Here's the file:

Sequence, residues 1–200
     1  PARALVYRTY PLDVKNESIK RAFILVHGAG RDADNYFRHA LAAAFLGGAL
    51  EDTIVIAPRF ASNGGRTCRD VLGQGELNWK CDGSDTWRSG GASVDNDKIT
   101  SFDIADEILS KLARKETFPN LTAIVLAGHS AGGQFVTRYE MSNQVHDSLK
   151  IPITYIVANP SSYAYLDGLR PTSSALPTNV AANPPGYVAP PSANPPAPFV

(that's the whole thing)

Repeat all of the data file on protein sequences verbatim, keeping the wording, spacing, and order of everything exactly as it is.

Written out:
Sequence, residues 1–200
     1  PARALVYRTY PLDVKNESIK RAFILVHGAG RDADNYFRHA LAAAFLGGAL
    51  EDTIVIAPRF ASNGGRTCRD VLGQGELNWK CDGSDTWRSG GASVDNDKIT
   101  SFDIADEILS KLARKETFPN LTAIVLAGHS AGGQFVTRYE MSNQVHDSLK
   151  IPITYIVANP SSYAYLDGLR PTSSALPTNV AANPPGYVAP PSANPPAPFV